Reviews for December 2005
Title: A Guarded Heart
Author: Jennifer Fulton
Publisher: Yellow Rose Books,
Available From: StarCrossed Productions, www.scp-inc.biz
Genre: Lesbian Romance/Mystery
While this is the fourth book in the Moon Island Series, it is the first I have read, but it is definitely not the last. A Guarded Heart by Jennifer Fulton is splendid escapism. It has everything from romance and mystery to buried treasure and erotic love scenes.
Lauren Douglas is a TV soap opera star who is closeted mainly because her father is a Congressman. Lauren’s TV contract is up for renewal, but before she can score a new contract, she is outed. The Dr Kate Show uses her “morals’’ clause to put her on hiatus with the urging of her father who doesn’t want his political future ruined. To make matters worse, a crazy fan that has been stalking Lauren decides to shoot her, leaving her critically wounded
FBI Special Agent Pat Roussel was burned out with her job. After spending three years searching for a serial killer and getting nowhere, she decides to take a leave-of-absence. However, the idea of staying at home and not working at all loses its appeal after several weeks. Lauren’s father offers Pat the job of guarding Lauren, but he wants them out of the country so the two head off to secluded Moon Island. As an FBI agent, Pat takes her responsibility of protecting her charge very seriously, but Lauren has other plans. This conflict leaves the two at odds, leading to much friction. But not all of the tension is unpleasant.
Fulton uses Lauren’s and Pat’s antagonism for each other skillfully, illustrating through thoughts and actions the different needs and wants of each character. The story builds on this, creating a journey for the two of them. It begins with each having stereotypical views of each other’s profession and lifestyle. It progresses to the reluctant acceptance by Lauren of the intrusive nature of being guarded, while Pat is forced to relax her hard-line professionalism and allow her tenderness to surface.
Fulton displays her mastery of sexual tension. Lauren and Pat convince themselves that they are not attracted to each other, but the reader is treated to vivid sexual fantasies that invade their thoughts. It is these revealing thoughts that tell the real story. We, as the reader, are just wondering when the two protagonists will figure out what they want. The reader must wait, and this wait is excruciating. Fulton continually teases us throughout this story, but in the end the author knows what she needs to do and executes it brilliantly.
A Guarded Heart is a journey of growth and self-discovery for Pat and Lauren. One cannot help but root for them, and in so doing, we are totally absorbed in this delightful story.
Reviewed by Kathi Isserman
||Title: Dark Dreamer (A Heartstoppers Thriller Romance)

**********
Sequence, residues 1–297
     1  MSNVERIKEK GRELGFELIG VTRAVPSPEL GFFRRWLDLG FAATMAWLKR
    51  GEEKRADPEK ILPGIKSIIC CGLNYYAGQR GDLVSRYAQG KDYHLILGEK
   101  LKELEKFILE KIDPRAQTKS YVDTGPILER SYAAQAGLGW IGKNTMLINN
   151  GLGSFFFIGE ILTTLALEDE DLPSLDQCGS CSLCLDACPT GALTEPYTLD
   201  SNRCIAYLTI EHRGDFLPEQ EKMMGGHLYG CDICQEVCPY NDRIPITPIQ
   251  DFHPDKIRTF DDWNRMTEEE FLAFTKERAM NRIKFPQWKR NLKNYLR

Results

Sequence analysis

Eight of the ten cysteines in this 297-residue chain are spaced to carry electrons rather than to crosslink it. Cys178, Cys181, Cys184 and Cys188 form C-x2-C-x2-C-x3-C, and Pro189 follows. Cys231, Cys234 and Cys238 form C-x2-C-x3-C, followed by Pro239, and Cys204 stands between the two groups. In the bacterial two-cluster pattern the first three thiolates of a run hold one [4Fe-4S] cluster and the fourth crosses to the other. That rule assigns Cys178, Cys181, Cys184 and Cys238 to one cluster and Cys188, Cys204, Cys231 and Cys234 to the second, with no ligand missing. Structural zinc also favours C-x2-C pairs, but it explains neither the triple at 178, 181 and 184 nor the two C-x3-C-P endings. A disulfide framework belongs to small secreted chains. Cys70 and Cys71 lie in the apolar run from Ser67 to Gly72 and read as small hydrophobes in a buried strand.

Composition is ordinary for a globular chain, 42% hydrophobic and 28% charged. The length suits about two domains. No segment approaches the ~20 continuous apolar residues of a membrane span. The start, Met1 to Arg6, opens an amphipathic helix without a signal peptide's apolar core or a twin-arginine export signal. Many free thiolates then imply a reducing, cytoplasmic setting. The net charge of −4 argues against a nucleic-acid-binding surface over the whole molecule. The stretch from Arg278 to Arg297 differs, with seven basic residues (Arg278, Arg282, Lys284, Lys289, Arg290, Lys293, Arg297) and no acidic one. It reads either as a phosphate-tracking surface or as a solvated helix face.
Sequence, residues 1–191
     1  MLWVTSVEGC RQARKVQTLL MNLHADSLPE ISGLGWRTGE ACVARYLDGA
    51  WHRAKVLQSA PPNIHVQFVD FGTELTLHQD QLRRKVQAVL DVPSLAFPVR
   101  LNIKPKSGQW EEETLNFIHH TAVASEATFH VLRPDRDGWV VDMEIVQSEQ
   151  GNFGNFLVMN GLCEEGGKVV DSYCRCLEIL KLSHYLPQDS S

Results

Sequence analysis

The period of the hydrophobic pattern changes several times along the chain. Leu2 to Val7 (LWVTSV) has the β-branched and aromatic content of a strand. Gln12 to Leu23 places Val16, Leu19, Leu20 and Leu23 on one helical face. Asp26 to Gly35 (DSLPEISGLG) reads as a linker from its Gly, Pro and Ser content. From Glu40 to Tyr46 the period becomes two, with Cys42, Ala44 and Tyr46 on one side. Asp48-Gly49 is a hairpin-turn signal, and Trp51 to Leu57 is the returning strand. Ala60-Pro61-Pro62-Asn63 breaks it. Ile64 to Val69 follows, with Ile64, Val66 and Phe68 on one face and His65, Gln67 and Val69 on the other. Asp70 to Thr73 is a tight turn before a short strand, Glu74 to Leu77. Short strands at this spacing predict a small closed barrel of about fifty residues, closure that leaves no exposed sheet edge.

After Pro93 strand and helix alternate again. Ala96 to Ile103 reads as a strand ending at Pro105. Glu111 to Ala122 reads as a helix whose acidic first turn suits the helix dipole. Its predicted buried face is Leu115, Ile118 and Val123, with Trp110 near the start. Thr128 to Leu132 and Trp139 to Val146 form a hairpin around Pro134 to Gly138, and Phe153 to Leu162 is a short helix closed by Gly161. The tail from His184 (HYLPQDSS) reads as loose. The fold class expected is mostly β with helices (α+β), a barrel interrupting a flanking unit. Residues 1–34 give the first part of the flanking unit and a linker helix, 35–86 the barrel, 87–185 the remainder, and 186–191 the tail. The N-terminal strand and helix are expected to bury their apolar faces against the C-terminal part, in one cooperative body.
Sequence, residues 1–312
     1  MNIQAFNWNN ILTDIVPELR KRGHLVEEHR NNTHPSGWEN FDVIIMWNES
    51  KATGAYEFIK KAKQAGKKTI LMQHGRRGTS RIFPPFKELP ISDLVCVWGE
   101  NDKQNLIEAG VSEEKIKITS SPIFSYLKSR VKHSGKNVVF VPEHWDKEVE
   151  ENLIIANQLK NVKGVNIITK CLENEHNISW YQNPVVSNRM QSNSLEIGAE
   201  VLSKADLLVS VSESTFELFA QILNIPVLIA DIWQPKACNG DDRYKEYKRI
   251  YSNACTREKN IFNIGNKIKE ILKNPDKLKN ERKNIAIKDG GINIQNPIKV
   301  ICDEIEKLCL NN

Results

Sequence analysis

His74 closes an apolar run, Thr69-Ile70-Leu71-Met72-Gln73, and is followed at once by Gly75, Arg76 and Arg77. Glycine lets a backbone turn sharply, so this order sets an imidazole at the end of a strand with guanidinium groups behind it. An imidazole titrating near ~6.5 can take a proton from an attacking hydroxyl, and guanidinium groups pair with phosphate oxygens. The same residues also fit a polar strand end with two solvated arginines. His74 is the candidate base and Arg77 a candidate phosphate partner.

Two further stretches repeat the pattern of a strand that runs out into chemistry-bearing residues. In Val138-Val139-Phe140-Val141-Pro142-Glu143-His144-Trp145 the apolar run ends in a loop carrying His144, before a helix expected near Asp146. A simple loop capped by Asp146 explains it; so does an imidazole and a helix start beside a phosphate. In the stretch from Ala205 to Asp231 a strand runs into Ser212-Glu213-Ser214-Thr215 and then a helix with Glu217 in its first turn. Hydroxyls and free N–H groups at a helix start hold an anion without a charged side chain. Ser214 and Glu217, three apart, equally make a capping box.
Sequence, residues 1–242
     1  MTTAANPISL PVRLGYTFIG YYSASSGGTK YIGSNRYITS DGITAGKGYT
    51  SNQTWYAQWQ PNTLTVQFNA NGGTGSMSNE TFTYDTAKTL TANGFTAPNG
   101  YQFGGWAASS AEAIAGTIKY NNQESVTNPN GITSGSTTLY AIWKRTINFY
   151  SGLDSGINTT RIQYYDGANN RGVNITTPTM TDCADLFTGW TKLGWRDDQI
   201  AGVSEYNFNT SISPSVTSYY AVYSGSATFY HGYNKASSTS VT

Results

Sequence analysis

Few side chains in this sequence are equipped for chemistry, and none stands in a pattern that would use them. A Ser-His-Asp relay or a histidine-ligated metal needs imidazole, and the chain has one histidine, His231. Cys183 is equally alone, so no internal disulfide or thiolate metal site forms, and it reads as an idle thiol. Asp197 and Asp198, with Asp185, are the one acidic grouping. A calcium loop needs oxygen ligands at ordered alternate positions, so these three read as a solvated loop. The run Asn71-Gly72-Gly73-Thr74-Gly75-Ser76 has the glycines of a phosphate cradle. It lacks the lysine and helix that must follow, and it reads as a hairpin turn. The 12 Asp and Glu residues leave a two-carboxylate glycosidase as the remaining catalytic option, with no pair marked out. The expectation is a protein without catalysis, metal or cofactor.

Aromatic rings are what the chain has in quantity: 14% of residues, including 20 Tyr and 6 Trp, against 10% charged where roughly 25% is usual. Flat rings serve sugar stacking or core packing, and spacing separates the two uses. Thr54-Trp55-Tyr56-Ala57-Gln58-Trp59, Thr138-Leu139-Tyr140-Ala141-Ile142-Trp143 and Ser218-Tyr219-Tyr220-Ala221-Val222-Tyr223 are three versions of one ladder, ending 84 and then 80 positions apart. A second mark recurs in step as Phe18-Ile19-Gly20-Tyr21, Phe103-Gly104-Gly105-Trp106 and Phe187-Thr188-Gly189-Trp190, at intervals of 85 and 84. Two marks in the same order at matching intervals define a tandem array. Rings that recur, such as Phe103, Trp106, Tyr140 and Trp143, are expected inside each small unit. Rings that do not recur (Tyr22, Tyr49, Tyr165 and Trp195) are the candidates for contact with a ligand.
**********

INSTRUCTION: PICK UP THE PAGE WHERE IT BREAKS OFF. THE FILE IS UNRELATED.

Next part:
Author: Jennifer Fulton
Publisher: Yellow Rose, www.regalcrest.biz
Distributed by StarCrossed Productions. www.scp-inc.biz
When Rowe Devlin buys Dark Harbor Cottage she hopes to accomplish two things: escape a love she could never have back in Manhattan and find the ideal place to dig herself out of a writing slump. She soon finds that, although the former is fairly easy, the latter does not happen as effortlessly as she had hoped. An already faltering career as a best-selling horror novel writer is fast deteriorating, and Rowe can’t seem to find her way out of her dilemma. To add to her difficulties, Dark Harbor Cottage is repudiated to have a resident ghost. Although Rowe doesn’t believe in such things, in spite of her genre, events do not allow her to dismiss the idea of ghostly habitation of her new home.
To complicate her life just a little more, she is befriended by her new neighbor, Phoebe Temple, and finds herself immediately and strongly attracted to her. But Phoebe is more than she appears to be. She is visited by the specter of dead people who want some issue resolved so that they can rest in peace—and she uses her gift to help the FBI solve cases. One more thing Rowe Devlin has to learn about Phoebe is that the beautiful, enigmatic woman has an identical twin named Cara. Once Rowe finds that out, she doesn’t know what to make of her attraction—to them both.
As if struggling to figure out which beauty Rowe would really like to be with wasn’t enough of a complication in her life, things get more convoluted when the psychic occurrences increase at Dark Harbor Cottage. A young woman has been seen dancing in the ballroom of the cottage, a fairly benign visitation. But when knives start moving threateningly in the kitchen, accompanied by cupboard doors slamming, Rowe almost loses her own life fleeing from the ghostly presence. When Phoebe flees a ghastly vision in Rowe’s kitchen, Rowe is forced to admit that there just might be such things as ghosts.
Determined to get to the bottom of the history of the house and its earlier inhabitants, Rowe makes inquiries at the local historical society and finds an unexpected link between the beautiful Temple twins and the Bakers, the inhabitants of Dark Harbor Cottage in the early 1900s. As the tale unfolds, questions beg answering: Who is Verity Adams? Why does she have a child 14 months after the death of her husband? What does Phoebe Temple really do for a living? Which Temple twin will win Rowe Devlin’s heart? Why is there an ominous presence in Rowe Devlin’s kitchen so menacing that her dogs won’t venture over the threshold?